Rise of the machines
Rac Plus, January 6, 2016. Image credit: Dennis van Zuijlekom
In June 2015, a study by Jonathan Koomey and Jon Taylor confirmed the view that a great deal of the servers inside the data centres are just consuming electricity, while not being used or accessed in any way.
The study concluded that the level of these servers, which are called comatose servers, is at 30 per cent of all the servers inside the data centres.
Identifying that the redundant and rarely accessed data in the public cloud comprise a large share, in 2013 Facebook separated the old data into the “cold storage” category.
Cold storage can be defined as the retention of inactive data that an organisation or an individual rarely, if ever, expects to access.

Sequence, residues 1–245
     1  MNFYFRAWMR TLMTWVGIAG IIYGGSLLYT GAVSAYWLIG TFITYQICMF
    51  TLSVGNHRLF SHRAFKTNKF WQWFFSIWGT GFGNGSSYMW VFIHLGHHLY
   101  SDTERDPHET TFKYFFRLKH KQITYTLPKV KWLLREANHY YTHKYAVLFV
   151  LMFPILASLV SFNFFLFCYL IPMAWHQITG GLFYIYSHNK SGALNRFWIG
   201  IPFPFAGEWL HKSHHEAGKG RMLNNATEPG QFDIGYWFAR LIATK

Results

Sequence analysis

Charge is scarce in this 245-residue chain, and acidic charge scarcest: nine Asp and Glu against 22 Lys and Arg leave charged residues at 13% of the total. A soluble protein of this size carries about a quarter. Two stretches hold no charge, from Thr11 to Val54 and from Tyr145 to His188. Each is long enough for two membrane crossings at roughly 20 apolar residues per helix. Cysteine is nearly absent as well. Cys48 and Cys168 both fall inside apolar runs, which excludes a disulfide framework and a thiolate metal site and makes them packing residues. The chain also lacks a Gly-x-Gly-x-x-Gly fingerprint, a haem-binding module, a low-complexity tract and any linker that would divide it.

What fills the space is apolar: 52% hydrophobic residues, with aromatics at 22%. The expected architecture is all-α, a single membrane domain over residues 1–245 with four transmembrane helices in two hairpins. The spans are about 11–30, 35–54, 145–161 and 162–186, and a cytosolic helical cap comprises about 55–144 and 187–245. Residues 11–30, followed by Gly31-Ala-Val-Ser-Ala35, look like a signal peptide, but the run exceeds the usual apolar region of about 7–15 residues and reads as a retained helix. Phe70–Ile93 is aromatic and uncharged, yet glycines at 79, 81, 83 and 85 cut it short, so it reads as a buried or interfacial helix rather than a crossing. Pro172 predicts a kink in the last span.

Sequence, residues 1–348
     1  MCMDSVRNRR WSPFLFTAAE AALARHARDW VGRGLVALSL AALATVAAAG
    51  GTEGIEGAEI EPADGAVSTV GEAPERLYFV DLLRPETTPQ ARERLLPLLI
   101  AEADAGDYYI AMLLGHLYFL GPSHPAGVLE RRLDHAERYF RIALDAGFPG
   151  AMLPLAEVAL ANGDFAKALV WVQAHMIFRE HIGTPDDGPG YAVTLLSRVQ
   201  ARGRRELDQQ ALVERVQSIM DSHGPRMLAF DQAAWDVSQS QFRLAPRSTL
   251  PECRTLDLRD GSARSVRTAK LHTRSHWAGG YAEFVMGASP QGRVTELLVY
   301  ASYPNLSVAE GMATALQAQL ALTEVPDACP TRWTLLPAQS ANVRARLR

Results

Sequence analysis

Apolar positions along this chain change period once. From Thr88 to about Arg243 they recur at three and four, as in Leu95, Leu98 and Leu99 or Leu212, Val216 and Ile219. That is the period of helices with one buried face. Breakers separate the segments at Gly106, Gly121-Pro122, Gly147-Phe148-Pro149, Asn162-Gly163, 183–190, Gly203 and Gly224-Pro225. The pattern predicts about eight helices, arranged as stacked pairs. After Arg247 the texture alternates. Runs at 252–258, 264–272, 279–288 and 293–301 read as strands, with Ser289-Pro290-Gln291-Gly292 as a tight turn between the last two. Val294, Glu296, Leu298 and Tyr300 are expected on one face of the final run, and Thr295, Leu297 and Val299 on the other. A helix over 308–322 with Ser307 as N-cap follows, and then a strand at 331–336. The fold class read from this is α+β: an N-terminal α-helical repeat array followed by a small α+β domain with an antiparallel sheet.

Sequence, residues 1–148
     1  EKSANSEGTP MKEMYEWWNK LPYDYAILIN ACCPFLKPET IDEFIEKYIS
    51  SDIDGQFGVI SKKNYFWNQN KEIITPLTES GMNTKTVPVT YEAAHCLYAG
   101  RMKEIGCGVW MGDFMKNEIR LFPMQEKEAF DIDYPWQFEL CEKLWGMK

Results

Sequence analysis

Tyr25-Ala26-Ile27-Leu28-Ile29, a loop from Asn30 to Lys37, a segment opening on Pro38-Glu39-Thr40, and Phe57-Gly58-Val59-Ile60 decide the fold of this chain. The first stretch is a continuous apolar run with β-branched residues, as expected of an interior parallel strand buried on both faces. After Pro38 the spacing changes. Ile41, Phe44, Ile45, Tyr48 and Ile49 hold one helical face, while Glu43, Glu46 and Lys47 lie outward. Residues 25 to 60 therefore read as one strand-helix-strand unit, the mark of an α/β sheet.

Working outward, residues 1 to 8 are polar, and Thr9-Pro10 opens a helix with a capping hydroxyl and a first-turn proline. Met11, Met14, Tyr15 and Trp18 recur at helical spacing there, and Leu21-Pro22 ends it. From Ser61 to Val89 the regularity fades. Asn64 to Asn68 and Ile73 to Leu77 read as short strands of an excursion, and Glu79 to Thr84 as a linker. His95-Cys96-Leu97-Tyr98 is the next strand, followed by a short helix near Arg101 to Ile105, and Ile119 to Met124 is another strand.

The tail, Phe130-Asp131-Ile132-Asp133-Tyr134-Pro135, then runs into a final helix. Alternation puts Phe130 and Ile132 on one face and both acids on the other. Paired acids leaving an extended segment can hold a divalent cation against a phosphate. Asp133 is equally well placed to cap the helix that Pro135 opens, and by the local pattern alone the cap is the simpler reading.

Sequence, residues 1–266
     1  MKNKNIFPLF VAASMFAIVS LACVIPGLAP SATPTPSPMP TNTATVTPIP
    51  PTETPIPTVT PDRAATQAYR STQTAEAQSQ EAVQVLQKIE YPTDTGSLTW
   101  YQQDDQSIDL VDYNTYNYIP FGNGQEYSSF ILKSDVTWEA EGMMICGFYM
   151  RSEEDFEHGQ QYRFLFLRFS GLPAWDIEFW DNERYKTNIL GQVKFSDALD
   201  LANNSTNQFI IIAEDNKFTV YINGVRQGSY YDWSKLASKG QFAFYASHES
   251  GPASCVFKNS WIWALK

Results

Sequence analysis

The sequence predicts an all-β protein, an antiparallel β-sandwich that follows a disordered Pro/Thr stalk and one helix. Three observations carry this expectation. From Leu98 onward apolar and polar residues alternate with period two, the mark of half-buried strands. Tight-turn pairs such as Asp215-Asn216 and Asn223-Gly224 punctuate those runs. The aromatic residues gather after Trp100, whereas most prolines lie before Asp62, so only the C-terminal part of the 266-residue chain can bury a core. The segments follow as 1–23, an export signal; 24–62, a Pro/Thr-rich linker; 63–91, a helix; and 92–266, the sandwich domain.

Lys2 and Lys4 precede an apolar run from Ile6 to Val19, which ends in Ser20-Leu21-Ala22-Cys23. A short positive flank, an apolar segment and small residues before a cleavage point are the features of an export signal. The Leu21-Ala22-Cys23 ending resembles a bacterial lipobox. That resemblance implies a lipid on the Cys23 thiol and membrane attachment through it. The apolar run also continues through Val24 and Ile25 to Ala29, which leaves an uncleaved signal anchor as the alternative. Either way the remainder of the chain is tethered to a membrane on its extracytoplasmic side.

Previously, it was believed to be necessary for the servers in data centres to be “always on” to provide immediate access to users’ data, but the servers in the cold storage facility are on “sleep mode” and kick-start only when there is a request for access to archived information.
There will be a certain delay in accessing data by the end-user, but that slight delay is believed to be acceptable.
Facebook has devoted considerable attention to the hardware used for a cold storage system through the Open Compute Project that has been working on the improvements in the hardware systems used in data centres, including cooling.
It led to adoption of direct evaporative cooling in Facebook data centres and, following some teething problems in 2013, it has been implemented across an increasing number of its storage centres with improved control.